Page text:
Rights, Licensing and Endorsements

Among copyright lawyers, Stairway to Heaven may become known not just for its abstract lyrics and acclaimed guitar solo, but also for the legal rulings that upended a jury verdict of non-infringement and sent the parties back to the District Court for a second trial to determine if the classic Led Zeppelin song was the

In March of this year, the Second Circuit reversed a decision by the District Court and held that the video clipping service operated by TVEyes infringed Fox News’ copyrights. We covered this decision in a previous blog. TVEyes is now attempting to bring the matter to the Supreme Court in what could be a

Joshua Bornstein writes:

U.S. Supreme Court building in Washington, DCPresident Trump’s recent nomination of Judge Brett Kavanaugh to fill Justice Kennedy’s seat on the United States Supreme Court has caused some concern about his potential impact on the future of copyright law. This is because Judge Kavanaugh could be joining the ranks of Justices Roberts, Thomas, and Gorsuch who are all

John Simson writes:

The House of Representatives unanimously passed the Music Modernization Act last week by a vote of 415-0! Imagine our divided Congress passing anything with no opposition. This is actually not uncommon with music industry issues when the interests of both the major user companies and major owner companies align so there is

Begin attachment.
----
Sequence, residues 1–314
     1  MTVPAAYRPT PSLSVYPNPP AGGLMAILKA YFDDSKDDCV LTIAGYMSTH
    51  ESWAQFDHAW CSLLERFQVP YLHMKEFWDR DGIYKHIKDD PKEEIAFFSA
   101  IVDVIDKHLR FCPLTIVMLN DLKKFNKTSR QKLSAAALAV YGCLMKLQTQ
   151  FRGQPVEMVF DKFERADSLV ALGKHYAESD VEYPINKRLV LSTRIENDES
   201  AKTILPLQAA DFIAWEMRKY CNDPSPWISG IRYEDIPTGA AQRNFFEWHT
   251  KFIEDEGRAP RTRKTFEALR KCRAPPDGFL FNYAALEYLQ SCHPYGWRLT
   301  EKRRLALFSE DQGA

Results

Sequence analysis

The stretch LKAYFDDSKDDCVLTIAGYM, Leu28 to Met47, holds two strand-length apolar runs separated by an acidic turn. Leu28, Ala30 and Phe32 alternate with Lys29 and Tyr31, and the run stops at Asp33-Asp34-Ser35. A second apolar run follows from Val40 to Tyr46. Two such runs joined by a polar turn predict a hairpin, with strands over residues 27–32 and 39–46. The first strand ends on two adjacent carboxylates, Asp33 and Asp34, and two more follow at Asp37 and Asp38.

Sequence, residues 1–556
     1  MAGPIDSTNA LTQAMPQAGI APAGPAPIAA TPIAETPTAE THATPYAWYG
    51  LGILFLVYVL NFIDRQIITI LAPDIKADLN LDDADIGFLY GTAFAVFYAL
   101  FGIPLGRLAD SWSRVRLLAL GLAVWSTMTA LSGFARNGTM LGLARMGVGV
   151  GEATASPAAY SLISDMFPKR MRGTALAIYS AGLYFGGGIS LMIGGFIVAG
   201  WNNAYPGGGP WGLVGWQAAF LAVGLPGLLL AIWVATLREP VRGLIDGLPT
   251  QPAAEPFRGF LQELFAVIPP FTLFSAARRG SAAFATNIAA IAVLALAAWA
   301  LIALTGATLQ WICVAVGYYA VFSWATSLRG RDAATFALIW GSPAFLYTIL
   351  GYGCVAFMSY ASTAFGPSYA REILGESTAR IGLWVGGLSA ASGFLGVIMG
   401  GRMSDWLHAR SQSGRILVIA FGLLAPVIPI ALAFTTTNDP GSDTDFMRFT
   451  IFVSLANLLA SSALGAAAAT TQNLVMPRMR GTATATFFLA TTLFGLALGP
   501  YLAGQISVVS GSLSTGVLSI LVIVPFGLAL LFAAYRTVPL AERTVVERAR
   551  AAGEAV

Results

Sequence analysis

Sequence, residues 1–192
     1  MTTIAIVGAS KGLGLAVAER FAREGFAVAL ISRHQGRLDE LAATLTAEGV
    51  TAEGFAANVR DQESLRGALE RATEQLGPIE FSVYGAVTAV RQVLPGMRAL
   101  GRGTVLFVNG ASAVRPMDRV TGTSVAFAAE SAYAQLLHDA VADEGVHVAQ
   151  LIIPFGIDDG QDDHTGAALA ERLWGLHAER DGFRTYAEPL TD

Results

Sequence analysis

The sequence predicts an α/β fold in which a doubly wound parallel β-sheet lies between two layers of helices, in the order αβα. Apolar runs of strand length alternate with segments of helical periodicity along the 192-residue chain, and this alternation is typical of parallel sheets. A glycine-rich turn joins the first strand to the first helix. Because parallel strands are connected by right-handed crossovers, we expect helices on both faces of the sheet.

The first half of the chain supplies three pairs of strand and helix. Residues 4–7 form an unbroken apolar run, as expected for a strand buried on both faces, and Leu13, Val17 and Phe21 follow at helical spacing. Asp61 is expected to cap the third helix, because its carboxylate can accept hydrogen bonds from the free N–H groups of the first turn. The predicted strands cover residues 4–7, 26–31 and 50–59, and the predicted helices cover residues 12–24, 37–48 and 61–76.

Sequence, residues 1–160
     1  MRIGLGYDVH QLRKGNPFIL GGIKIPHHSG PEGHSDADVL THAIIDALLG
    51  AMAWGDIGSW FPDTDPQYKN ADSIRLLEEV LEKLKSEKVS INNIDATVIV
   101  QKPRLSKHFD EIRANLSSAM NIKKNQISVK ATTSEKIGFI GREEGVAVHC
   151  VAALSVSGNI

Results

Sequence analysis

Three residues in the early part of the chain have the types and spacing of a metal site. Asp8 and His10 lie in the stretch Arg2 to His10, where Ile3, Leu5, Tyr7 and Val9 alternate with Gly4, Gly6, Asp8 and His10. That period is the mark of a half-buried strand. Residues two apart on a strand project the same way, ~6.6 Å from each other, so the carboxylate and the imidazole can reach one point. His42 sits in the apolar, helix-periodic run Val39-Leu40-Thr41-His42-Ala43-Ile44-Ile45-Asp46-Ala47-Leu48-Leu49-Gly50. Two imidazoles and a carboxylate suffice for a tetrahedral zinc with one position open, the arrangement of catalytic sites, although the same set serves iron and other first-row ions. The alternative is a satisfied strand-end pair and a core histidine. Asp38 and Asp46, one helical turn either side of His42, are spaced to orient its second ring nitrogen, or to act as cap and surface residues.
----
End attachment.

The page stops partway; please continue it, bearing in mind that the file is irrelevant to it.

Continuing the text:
The jury has spoken. After a saga worth of Homer, Comic-Con is a valid trademark.

The battle began when, the organizers of San Diego Comic-Con (SDCC), the 50-year old grandaddy of fan conventions, sued the producers of Salt Lake Comic Con for infringement. As we previously reported, the defendants struck back by asserting that

10066940 – super hero and a ninja doing battle.

I’ve blogged here and here about the pending trademark infringement case brought by SDCC, the registered owners of the San Diego Comic-Con mark, against the producers of Salt Lake Comic Con. The Utah group had launched an aggressive social media campaign to

Closeup of earbuds and smartphoneLos Angeles-based IP lawyer Erin M. Jacobson recently penned a piece describing the ongoing dispute between members of the music industry and music streaming service Spotify, and arguing against Spotify’s attempts to limit the type of licenses it must obtain from copyright holders in order to maintain the service. She outlines the series of copyright

1. Registration of a song with a PRO does not provide any copyright protection.

Closeup of earbuds and smartphoneThe most common misunderstanding I encounter from songwriters is that registering their songs with one of the U.S. music performance rights organizations (“PROs”), i.e. ASCAP, BMI, SESAC or GMR, gives the songwriter some protection of their intellectual property rights in their

Drug cartels are notorious for murder and extortion, but the family of the late drug lord Pablo Escobar has unleashed the scariest weapon of all–trademark litigation.

Escobar, Inc. has a longstanding grudge against the Netflix series Narcos, which dramatizes the late drug lord’s life. In a creative and brazen move, Escobar filed trademark registrations for

Copyright: <a href='https://www.123rf.com/profile_ericbvd'>ericbvd / 123RF Stock Photo</a>
Copyright: ericbvd / 123RF Stock Photo

A New York court of appeals last week declared the Orioles and Nationals will play extra innings in the teams’ longstanding dispute over fees the Orioles’ Mid-Atlantic Sports Network (MASN) owes the Nationals for broadcasting their games.

The teams have shared the network since